Dinamiche insediative nel territorio di Canicattini Bagni e nel Bacino di Alimentazione del Torrente Cavadonna (Siracusa) tra Antichità e Medioevo
Cugno, Santino Alessandro, author
Oxford : British Archaeological Reports, 2016
This volume is the result of a research project that, since 2008, has had the objective of studying and understanding the spatial planning and dynamics of rural settlements located in the catchment of the River Cavadonna (south-eastern Sicily) between Late Antiquity and the Middle Ages. The new archaeological and topographical data that has emerged from recent surveys, along with a preliminary review of documentary sources and place names, together with a preliminary census of all archaeological evidence known through the scientific literature and local erudition,may contribute to a better analysis of the historical context and topographical relationships of the ancient and medieval settlements in Syracuses inland, and to their connection with the viability, and the peculiar geographical and strategic positions, of the ancient Greek metropolis of Syracuse and its sub-colony of Akrai.
Baker Berry DG975.C17782 C84 2016

Triumphs in the age of civil war : the late Republic and the adaptability of triumphal tradition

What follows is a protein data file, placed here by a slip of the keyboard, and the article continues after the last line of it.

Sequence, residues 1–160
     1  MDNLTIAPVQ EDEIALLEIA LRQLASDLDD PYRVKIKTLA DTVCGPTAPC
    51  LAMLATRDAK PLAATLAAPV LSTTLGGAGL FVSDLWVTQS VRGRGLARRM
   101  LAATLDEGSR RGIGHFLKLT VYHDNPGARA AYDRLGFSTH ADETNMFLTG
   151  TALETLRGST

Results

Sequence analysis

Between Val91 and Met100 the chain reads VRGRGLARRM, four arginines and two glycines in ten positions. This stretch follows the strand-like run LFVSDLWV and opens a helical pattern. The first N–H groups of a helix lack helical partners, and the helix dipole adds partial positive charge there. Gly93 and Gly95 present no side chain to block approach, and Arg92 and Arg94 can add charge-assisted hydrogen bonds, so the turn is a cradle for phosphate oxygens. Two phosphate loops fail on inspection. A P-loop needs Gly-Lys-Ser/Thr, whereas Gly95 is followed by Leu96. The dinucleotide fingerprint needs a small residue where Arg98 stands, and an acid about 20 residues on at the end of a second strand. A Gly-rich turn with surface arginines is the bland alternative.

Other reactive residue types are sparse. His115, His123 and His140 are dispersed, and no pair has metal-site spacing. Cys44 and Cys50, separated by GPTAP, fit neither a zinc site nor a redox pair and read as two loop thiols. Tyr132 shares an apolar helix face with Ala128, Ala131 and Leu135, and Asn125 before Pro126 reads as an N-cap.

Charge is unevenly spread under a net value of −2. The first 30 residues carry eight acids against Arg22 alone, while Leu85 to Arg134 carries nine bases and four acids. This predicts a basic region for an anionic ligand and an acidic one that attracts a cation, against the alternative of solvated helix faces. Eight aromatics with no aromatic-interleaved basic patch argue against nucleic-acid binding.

Lange, Carsten Hjort, author
London ; Bloomsbury Academic, an imprint of Bloomsbury Publishing Plc, 2016
Chapter 1: A Voice from No Man's Land : Approaches to Civil War and Triumph -- Chapter 2: Triumph, Ovation, Alban Mount triumph and Naval triumph -- Chapter 3: The Fasti Triumphales and Triumphal Housekeeping -- Chapter 4: The Late Republican Triumph : Continuity and Change -- Chapter 5: Triumph and Civil War in the Late Republic : Constructing the Enemy -- Chapter 6: Augustus, Triumph, Civil War, and the Victory Monument at Actium : a Reconsideration -- Chapter 7: Triumphal Topography : Augustus' Triumphal and Triumph-like Returns -- Epilogue: Civil War and Triumph : The Casa di Pilatos Relief -- Appendix: Triumphal Arches.

"Many of the wars of the late Republic were largely civil conflicts. There was, therefore, a tension between the traditional expectation that triumphs should be celebrated for victories over foreign enemies and the need of the great commanders to give full expression to their prestige and charisma, and to legitimize their power. Triumphs in the Age of Civil War rethinks the nature and the character of the phenomenon of civil war during the Late Republic. At the same time it focuses on a key feature of the Roman socio-political order, the triumph, and argues that a commander could in practice expect to triumph after a civil war victory if it could also be represented as being over a foreign enemy, even if the principal opponent was clearly Roman. Significantly, the civil aspect of the war did not have to be denied. Carsten Hjort Lange provides the first study to consider the Roman triumph during the age of civil war, and argues that the idea of civil war as 'normal' reflects the way civil war permeated the politics and society of the Late Roman Republic"--
Baker Berry DG254.2 .L36 2016

Performance, memory, and processions in ancient Rome : the pompa circensis from the Republic to Late Antiquity
Latham, Jacob A., 1974- author
New York, NY : Cambridge University Press, 2016